Seriously fuck this guy with a guillotine blade.
(Reuters) - The Malian grocery worker hailed as a hero for saving hostages’ lives when an Islamist militant attacked a kosher supermarket in Paris this month was made a French citizen on Tuesday.
Lassana Bathily, 24, was joined by French Interior Minister Bernard Cazeneuve and Prime Minister Manuel Valls in a packed naturalisation ceremony.
“I am so happy to get dual nationality,” said a smiling Bathily, who also received a medal for his actions. “Long live freedom, long live solidarity, long live France.”
Bathily, who arrived in France from Mali in 2006 and received his working papers five years later, has been credited with saving many lives in the Jan. 9 attack that killed four people at the kosher store in eastern Paris. Previous militant attacks that week killed 13 others, most of them at the Charlie Hebdo satirical newspaper.
Hailed by Cazeneuve and Valls as a model of decency and Republican values, Bathily tried for years to obtain French nationality and was even turned down in 2011 before he was handed his passport by Valls.
The inventory worker was in a storage room in the rear of the market when Amedy Coulibaly, the Islamist militant later killed by police, burst into the store.
“When I heard the gunshots I saw a lot of people running … saying ‘Help, help, they’re here, the killers, they’ve come into the store!’” Bathily told BFM-TV in an interview last week.
Bathily, who had worked at the store for four years, ushered the panicked shoppers into a cold storage room where they waited out the attack. He said he tried to convince the others to escape by an elevator, but they were concerned its noise would alert Coulibaly to their presence.
Courting that risk himself, Bathily fled the store and was promptly handcuffed by police, who interrogated him for an hour and a half, he said.
Give him Israeli citizenship too, like Sandra Samuel.
Earlier this month, the Pew Research Center released a study that found that most wealthy Americans believed “poor people today have it easy because they can get government benefits without doing anything in return.”
This is an infuriatingly obtuse view of what it means to be poor in this country — the soul-rending omnipresence of worry and fear, of weariness and fatigue. This can be the view only of those who have not known — or have long forgotten — what poverty truly means.
“Easy” is a word not easily spoken among the poor. Things are hard — the times are hard, the work is hard, the way is hard. “Easy” is for uninformed explanations issued by the willfully callous and the haughtily blind.
Allow me to explain, as James Baldwin put it, a few illustrations of “how extremely expensive it is to be poor.”
First, many poor people work, but they just don’t make enough to move out of poverty — an estimated 11 million Americans fall into this category.
So, as the Pew report pointed out, “more than half of the least secure group reports receiving at least one type of means-tested government benefit.”
And yet, whatever the poor earn is likely to be more heavily taxed than the earnings of wealthier citizens, according to a new analysis by the Institute on Taxation and Economic Policy. As The New York Times put it last week:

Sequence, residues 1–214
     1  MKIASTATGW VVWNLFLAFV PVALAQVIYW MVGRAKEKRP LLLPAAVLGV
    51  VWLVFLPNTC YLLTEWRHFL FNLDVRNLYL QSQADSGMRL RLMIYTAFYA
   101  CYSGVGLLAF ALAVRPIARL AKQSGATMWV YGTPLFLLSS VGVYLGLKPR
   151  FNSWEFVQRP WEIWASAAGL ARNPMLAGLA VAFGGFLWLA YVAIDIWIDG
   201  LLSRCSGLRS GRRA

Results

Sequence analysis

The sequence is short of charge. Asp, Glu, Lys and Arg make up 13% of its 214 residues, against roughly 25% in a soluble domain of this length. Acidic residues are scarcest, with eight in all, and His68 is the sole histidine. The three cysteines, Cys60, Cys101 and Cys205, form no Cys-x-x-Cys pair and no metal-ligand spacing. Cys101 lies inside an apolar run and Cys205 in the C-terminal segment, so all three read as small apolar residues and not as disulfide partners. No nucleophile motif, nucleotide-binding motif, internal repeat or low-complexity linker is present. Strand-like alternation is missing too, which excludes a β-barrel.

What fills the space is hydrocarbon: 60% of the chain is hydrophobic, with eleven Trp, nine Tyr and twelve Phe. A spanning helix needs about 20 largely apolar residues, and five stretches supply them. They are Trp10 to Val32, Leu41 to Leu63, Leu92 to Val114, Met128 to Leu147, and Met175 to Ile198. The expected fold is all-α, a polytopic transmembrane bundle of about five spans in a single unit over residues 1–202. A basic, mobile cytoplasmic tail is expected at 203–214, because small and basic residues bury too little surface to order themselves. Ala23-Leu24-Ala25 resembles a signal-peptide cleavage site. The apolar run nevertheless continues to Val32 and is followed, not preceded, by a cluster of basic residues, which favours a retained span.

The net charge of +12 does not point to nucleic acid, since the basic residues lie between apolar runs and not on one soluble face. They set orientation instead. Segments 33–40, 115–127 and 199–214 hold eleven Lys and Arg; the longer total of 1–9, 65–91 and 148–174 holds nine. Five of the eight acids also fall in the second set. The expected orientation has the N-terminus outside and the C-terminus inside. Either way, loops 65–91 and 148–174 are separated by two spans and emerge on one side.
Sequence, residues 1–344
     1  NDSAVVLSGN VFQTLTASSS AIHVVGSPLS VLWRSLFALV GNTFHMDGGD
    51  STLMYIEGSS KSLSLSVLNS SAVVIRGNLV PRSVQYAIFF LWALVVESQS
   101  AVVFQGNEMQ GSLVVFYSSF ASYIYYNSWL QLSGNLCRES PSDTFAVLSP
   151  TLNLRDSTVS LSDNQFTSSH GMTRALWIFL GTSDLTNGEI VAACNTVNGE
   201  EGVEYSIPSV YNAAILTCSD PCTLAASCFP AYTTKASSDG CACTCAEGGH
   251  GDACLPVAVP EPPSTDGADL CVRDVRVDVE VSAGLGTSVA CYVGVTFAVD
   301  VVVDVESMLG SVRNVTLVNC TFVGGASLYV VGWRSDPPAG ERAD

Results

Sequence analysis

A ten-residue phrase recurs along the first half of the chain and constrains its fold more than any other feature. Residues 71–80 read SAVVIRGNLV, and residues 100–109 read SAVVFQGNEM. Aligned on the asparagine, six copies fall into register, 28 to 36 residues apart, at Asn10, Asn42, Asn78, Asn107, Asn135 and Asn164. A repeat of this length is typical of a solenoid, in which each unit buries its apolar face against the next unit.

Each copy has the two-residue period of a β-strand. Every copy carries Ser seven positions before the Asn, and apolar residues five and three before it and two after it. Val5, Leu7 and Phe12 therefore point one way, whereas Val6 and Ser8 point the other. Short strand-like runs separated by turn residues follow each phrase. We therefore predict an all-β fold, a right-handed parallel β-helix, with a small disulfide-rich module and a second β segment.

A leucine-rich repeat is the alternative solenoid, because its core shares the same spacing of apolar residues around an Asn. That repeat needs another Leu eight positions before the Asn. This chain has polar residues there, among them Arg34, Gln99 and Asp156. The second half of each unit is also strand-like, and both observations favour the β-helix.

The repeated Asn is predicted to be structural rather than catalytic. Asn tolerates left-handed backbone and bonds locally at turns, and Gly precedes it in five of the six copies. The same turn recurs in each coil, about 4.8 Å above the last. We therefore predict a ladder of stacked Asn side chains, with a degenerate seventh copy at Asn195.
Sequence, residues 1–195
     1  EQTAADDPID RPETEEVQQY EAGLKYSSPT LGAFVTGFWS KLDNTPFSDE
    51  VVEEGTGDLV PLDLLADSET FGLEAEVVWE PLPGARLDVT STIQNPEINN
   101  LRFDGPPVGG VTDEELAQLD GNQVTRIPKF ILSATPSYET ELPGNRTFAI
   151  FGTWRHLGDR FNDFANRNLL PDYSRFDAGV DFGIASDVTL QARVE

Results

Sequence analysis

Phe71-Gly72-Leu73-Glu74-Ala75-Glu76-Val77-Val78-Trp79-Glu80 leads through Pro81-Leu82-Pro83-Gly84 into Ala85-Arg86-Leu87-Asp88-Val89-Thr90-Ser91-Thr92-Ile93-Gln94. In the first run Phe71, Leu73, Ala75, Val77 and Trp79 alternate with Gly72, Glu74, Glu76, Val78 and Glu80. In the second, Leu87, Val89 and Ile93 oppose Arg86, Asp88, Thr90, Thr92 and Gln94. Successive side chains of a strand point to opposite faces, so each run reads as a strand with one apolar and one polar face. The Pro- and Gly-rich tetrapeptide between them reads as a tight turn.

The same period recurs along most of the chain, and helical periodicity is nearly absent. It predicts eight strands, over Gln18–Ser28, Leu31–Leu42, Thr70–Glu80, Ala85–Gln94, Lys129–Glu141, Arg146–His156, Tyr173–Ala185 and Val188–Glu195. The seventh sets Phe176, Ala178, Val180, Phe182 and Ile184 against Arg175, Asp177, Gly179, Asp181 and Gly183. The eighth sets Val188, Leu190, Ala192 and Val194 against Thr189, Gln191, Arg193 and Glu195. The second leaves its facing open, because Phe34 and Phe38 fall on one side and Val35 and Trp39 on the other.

“According to the study, in 2015 the poorest fifth of Americans will pay on average 10.9 percent of their income in state and local taxes, the middle fifth will pay 9.4 percent and the top 1 percent will average 5.4 percent.”
In addition, many low-income people are “unbanked” (not served by a financial institution), and thus nearly eaten alive by exorbitant fees. As the St. Louis Federal Reserve pointed out in 2010:
“Unbanked consumers spend approximately 2.5 to 3 percent of a government benefits check and between 4 percent and 5 percent of payroll check just to cash them. Additional dollars are spent to purchase money orders to pay routine monthly expenses. When you consider the cost for cashing a bi-weekly payroll check and buying about six money orders each month, a household with a net income of $20,000 may pay as much as $1,200 annually for alternative service fees — substantially more than the expense of a monthly checking account.”
Even when low-income people can become affiliated with a bank, those banks are increasingly making them pay “steep rates for loans and high fees on basic checking accounts,” as The Times’s DealBook blog put it last year.
And poor people can have a hard time getting credit. As The Washington Post put it, the excesses of the subprime boom have led conventional banks to stay away from the riskiest borrowers, leaving them “all but cut off from access to big loans, like mortgages.”
One way to move up the ladder and out of poverty is through higher education, but even that is not without disproportionate costs. As the Institute for College Access and Success noted in March:
“Graduates who received Pell Grants, most of whom had family incomes under $40,000, were much more likely to borrow and to borrow more. Among graduating seniors who ever received a Pell Grant, 88 percent had student loans in 2012, with an average of $31,200 per borrower. In contrast, 53 percent of those who never received a Pell Grant had debt, with an average of $26,450 per borrower.”
The usual HURR HURR MLK WAS A REPUBLICAN & ALL TEH DEMOCRATS IS TEH RACIST LIKE THERE HERO ROBERT BYRD!!!! LBJ SAID TEH N WORD!!! HURR HURR
BERLIN — A German newspaper has apologized for mistakenly publishing a fake Charlie Hebdo cover that featured an anti-Semitic cartoon on its front page the day after the French publication was attacked last week.
The daily Berliner Zeitung featured four real Charlie Hebdo covers on its front page Jan. 8, along with a fake one depicting what appears to be an Orthodox Jew making a quip about the Holocaust. The cover carried the name “Charlo Hebdo” — one of the clues it was a fake.
The Berliner Zeitung said Thursday it “failed to recognize that one of the cartoons was a fake” and offered its “profoundest personal apologies for this highly regrettable mistake.”
It said it had posted a correction in Friday’s paper acknowledging that it mistakenly printed an anti-Semitic cartoon.
Screenshot of the fake cartoon is here. It will probably show up soon on Glenn Greenwald’s Twitter feed (if it hasn’t already)